I found my path with digital painting, but I was still commuting a lot. I decided I needed to do something with that time: It could [used to] develop as an artist. Having a laptop didn’t work: I couldn’t fit that all in. It would be great to have a smaller device. I was Googling some tablets. I found a tablet that was a collaboration between Digital Ink and Wacom. But then the lag was too great. At that time, I would do watercolor on the bus. I even had to get stronger glasses because I was doing small details and ruining my vision. I hate painting on a white background: You have to know your highlights from the beginning. You have to tone everything down and make them bright again. I was longing for some digital tool.
Suddenly, the iPad came! By then, I already had my iPhone. There was this app called Brushes. I could paint with my finger. It was kind of cool, I just wished it was a bit bigger. When the iPad came, I thought, “There it is!” It started a new path in my life. Something about the mobility of it, it was so simple. You also had Brushes on the iPad. I could do some sketches and continue in Photoshop. After a year, I discovered Procreate. When I discovered it, it was so much like Photoshop. I sent them an email and two hours later, I had a reply. That was a start of a really cool friendship. Procreate was just a little child back then. Their resolution was 900 X 600 pixels. You couldn’t do too much with it, no selection tools yet. Everything I’ve done in the last 4 years — any concept art — it’s all on the iPad!
[-[1:03:21] Allan: Even all of your production work, you’re doing all of that on the iPad as well?
Nikolai: Yes, everything!
[-[1:03:14] Allan: Are you using iPad Pro? I was having lunch with my buddy Matt Conway, he was a Matte Painter on Game of Thrones and a bunch of really cool projects.
Nikolai: Yes. You did a Podcast with him, no?
[-1:02:59] Allan: Yes: [allanmckay.com/59]. He is a really great guy and talented! He does all of his painting on iPad Pro with a pen. I love my iPad for the battery life. I don’t use it for production, but I’ve been curious about it. Do you have different brushes?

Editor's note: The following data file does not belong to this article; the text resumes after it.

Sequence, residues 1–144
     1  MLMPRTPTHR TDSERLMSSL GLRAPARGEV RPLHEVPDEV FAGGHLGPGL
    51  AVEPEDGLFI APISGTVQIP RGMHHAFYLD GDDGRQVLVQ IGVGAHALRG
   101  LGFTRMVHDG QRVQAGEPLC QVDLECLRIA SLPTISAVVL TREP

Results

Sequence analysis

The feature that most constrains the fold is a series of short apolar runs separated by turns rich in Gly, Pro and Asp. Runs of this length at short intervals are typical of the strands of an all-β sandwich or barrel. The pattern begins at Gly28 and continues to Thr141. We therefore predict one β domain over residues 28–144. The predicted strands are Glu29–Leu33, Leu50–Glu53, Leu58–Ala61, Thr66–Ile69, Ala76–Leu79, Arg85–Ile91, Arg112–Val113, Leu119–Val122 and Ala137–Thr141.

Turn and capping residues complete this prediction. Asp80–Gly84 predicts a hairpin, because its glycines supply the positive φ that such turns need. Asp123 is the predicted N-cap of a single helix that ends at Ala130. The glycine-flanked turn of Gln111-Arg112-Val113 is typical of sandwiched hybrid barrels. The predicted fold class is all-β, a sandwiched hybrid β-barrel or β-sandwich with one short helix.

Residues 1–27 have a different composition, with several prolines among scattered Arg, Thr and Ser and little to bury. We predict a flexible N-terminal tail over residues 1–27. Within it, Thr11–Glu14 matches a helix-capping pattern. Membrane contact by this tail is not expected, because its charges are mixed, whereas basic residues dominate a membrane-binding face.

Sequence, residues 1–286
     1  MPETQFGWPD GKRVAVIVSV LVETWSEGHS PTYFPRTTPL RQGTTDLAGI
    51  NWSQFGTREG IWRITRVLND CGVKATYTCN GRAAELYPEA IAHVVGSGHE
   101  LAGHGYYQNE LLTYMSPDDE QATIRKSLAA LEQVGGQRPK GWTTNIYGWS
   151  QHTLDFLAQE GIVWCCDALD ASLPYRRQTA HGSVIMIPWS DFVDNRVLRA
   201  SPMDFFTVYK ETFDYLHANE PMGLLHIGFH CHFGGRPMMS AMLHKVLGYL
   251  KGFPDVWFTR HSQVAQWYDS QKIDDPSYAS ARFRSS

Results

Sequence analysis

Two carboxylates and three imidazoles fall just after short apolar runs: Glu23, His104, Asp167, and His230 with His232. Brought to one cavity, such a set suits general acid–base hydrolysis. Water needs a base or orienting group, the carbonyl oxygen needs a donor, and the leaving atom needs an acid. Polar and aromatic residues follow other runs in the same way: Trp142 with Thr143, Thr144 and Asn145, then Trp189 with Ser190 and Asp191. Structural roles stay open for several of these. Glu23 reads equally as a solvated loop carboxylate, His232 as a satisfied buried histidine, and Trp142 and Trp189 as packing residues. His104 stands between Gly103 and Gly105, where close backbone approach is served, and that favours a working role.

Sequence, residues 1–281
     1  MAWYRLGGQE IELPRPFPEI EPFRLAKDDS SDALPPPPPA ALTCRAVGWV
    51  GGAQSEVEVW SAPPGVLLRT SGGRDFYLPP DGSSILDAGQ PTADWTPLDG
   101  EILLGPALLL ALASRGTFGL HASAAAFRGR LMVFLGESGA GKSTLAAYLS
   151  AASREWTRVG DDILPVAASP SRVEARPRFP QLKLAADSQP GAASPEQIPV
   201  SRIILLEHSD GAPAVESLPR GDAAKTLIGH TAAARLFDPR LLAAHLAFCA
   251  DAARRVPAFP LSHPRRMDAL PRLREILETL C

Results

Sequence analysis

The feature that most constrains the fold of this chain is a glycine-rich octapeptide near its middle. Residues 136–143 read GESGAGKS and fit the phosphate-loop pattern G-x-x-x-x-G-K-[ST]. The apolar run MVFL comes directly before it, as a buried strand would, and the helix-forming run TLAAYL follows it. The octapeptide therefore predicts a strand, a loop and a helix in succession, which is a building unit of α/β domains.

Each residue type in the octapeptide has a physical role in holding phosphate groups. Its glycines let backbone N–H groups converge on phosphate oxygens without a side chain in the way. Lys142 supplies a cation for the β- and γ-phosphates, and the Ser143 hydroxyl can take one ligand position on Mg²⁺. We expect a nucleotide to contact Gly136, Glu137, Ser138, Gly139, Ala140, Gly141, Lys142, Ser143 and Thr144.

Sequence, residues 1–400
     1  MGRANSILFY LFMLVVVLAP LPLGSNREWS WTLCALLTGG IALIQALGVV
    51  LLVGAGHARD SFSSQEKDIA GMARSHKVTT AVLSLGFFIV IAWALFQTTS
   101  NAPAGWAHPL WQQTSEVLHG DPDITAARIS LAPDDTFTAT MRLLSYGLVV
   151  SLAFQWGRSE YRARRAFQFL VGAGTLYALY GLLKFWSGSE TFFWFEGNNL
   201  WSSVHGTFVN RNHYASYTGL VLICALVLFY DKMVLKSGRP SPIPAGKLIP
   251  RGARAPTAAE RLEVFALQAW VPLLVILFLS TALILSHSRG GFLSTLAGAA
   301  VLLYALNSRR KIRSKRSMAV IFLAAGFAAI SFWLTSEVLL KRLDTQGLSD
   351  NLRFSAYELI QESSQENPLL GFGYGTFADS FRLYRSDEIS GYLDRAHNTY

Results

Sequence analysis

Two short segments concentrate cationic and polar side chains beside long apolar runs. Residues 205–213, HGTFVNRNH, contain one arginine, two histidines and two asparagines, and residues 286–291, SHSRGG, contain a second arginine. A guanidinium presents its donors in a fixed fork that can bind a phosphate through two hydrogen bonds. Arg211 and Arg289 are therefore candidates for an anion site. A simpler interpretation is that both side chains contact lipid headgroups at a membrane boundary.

Nikolai: It comes with a ton of brushes already, but you can create your own really easily. It’s comparable with Photoshop that way. It’s easier to do it on Procreate. There is a shape and a grain source. These two images create each brush. You can get glaze paint. It’s several thousand pixels — and it’s real time! That’s the thing! They can squeeze so much power out of it. You can work in 8K and be in real time. I haven’t seen it in any machine at all! They really push it to the limit.
It’s a great advantage that it’s only for an iPad, so that can focus on just one hardware. There is a maximum layer set. The more resolution, the fewer layers you can have. The more powerful the iPad — the more layers you can have. So, it does’t push it to the limit that will shut your hardware down. Really smart! For the last 5 years, they come up with huge updates, almost once a year. All the upgrades are for free! It’s twice the price it started out, but it’s still so cheap. These [Procreate] guys are really talented. In Australia, you know?
[-[58:34] Allan: Digital Fusion was original Australian. Black Magic is Australian. Flame came from there as well, some powerful tools. But I do love that! So many people always want to get the best hardware. My Paris talk last year was about no excuses: If you want to be in this industry, show them your final shot. Don’t show a tutorial! If you’re a Matte Painter, go take a photo and paint on that. Transform something. Same thing with VFX. You don’t need a $10,000 computer. You can do it all for nothing. I love that this is a $6 app that’s replaced the industry standard.
Nikolai: It’s amazing how good it is! I’ve become such a big fan of it, I just want to spread the word. I actually started an art study online with a buddy of mine Peter Spence (www.artstudyonline.com). We created tutorials for Procreate. There are thousands of tutorial on Photoshop, but nothing on Procreate. I was at an industry workshop in London. Some of the finest matte painters and concept artists attended it. This was the first time I was there with an iPad Pro and people took it more seriously now. I had a Cintiq tablet with me and ended up using it only for reference.